Wednesday, April 24, 2013
Tarzan 101 | Tarzan the Invincible
Celebrating Tarzan's 101st anniversary by walking through Scott Tracy Griffin's Tarzan: The Centennial Celebration.
Burroughs went political again (like in the anti-German Tarzan the Untamed) for Tarzan the Invincible. This time the villains are an international gang of communists from the Soviet Union, Mexico, and East India. They're taking advantage of Tarzan's still being away in Pellucidar (from the preceding novel, Tarzan at the Earth's Core) to pillage Opar in order to fund their revolutions. Fortunately, Tarzan doesn't spend the entire novel absent, but the question is whether he'll arrive in time to figure out what's going on and stop the commies.
Burroughs was a devout capitalist anyway, but his feelings on communism were likely also fueled by Soviet disrespect for copyright. Griffin notes that Russian bootlegs of Burroughs' work robbed the author of an estimated million dollars. The story's focus on economic ideology makes it appropriate that starting with this book, the Tarzan series was self-published by Burroughs. They were already wildly popular books by then, but it was still a bit of a gamble and Burroughs was warned that the economy of the early '30s wouldn't support the endeavor. It did though, and - boosted by the release of MGM's Tarzan the Ape Man starring Johnny Weissmuller - the book made a profit. Edgar Rice Burroughs, Inc. stayed the publisher of Burroughs novels until 1948.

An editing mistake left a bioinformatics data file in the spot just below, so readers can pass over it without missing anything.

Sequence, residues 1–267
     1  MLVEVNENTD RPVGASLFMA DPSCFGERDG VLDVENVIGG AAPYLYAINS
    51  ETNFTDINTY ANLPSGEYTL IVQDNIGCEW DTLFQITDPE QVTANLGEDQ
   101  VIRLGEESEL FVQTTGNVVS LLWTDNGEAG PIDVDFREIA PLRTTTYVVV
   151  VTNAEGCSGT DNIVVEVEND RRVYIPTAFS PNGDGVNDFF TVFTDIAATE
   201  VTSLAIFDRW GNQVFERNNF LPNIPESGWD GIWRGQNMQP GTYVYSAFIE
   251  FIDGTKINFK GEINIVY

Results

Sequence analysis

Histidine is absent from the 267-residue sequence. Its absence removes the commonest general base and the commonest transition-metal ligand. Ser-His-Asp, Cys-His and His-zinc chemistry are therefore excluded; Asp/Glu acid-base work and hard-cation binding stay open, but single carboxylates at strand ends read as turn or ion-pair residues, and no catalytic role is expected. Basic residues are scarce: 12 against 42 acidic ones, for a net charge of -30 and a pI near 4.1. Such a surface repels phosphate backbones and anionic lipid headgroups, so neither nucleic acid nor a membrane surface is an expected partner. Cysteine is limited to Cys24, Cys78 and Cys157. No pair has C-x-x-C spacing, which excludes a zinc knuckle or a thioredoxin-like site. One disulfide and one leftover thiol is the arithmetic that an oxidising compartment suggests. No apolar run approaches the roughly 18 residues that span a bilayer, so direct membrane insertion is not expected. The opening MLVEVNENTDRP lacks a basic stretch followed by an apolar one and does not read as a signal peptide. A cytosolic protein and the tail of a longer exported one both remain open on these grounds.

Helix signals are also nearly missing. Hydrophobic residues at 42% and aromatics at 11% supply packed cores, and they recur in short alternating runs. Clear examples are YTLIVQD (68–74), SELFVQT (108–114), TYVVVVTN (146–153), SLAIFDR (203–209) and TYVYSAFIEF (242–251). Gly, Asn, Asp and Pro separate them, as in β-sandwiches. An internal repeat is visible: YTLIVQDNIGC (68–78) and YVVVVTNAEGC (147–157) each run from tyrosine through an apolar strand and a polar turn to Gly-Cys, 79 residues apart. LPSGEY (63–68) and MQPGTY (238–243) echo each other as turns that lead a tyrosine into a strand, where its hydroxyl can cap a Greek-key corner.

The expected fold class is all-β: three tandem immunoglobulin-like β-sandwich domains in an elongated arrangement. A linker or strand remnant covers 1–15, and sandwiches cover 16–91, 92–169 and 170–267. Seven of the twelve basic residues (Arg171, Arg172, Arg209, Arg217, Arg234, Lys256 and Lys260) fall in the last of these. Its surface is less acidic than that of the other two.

Invincible is the last appearance of Opar and Queen La in Burroughs' novels. A lot has happened since their previous appearance in Tarzan and the Golden Lion, so in addition to saving La from the communists, Tarzan also has to help her regain power from the rival priest and priestess who've overthrown her and taken control of the city.
Griffin's supplemental chapter for Invincible is on Opar, tracing Burroughs' influences for it and its appearances in the novels and on screen. The city owes a lot to H. Rider Haggard, starting with its beautiful and mercurial (and white) Queen La, who's so similar to Ayesha from Haggard's She. The city itself was likely named after the Biblical Ophir, a place of great wealth in Africa that was the source of many of King Solomon's riches (1 Kings 9:28; 10:11, among others). The African origins of Solomon's wealth was of course also the basis for Haggard's most famous novel, King Solomon's Mines.
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